Ever since the state mandated that teachers would be evaluated based on test scores (thus eliminating final exam exemptions), students of MHS talked about how the attendance rate would drop dramatically; however, the truth of this situation may be a surprise.
Last year, while MHS still had exemptions, the average attendance rate was 97.1 percent. This year, after a rough estimate, the attendance rate is 96.52 percent, which is less than 1 percent lower than last year’s. The drop was not so dramatic after all.
“I’ve been doing this for over 10 years,” attendance secretary Mrs. Becky Bischoff said, “and the attendance rate hardly ever changes more than one percent whenever exam exemptions are affected. Even when exam exemptions were first created there was hardly any difference.”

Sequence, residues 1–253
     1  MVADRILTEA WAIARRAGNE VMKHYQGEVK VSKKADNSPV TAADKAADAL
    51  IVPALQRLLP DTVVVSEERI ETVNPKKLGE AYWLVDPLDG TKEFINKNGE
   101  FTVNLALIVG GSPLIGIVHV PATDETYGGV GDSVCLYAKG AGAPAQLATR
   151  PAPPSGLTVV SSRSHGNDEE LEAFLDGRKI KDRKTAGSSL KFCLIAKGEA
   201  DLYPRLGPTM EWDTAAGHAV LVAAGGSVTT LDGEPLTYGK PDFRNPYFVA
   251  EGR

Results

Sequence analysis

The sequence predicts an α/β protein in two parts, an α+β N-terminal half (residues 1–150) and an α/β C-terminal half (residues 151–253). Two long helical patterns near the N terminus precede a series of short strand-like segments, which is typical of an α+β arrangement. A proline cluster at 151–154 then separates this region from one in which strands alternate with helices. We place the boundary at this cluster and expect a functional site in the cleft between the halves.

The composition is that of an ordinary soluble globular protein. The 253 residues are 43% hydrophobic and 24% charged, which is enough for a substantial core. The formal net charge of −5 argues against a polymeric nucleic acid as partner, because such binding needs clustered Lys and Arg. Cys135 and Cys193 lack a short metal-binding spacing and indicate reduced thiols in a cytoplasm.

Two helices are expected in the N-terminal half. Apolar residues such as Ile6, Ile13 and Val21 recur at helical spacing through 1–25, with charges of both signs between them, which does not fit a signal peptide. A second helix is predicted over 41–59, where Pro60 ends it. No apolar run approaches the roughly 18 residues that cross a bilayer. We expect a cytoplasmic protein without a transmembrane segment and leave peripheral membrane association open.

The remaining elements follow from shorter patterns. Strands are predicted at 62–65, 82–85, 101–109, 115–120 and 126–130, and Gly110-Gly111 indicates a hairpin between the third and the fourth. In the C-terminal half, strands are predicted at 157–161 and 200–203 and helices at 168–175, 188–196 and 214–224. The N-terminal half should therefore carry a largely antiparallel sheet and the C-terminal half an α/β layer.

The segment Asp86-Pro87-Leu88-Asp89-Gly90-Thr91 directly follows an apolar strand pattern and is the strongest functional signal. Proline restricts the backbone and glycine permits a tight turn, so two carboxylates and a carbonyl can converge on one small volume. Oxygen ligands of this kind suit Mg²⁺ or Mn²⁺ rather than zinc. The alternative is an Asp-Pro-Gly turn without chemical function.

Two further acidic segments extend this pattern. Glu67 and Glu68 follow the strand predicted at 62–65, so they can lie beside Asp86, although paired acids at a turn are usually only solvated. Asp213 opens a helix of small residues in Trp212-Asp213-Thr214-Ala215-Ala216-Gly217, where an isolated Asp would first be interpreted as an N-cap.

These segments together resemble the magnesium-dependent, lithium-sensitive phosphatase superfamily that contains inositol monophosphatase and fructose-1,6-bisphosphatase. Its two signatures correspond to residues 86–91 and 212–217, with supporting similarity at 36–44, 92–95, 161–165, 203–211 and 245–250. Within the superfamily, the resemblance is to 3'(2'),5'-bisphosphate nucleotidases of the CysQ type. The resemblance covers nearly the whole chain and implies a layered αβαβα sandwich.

What does this mean? Students are still coming to school without the reward at the end of the year. Whether it’s because they don’t want to fall behind in schoolwork or they can’t afford to miss, the exam exemptions didn’t matter as much as many people believed they did.
“There will always be kids who come to school every day and there will always be kids who just don’t,” Bischoff said.
But here’s the question: Should there still be some type of reward system at the end of the year to recognize kids who come to school every day?
The Pulse believes there should be. Why shouldn’t students be recognized for being at school a certain amount of days? Even if it was a small prize, it would be enough just to be acknowledged for their achievements.
Popular posts from this blog
by Cassidy Kelley Food drive donations from MHS reached an all-time high with a total of 4,749 canned and boxed goods; a significant rise from the 938 that were collected last year. Mr. Clint Swalls’ class brought in an average of 42 items per student, thus winning them the free breakfast. Mr. Matt Bosworth’s class came in a close second with an average of 34 cans per student. Great job Pioneers!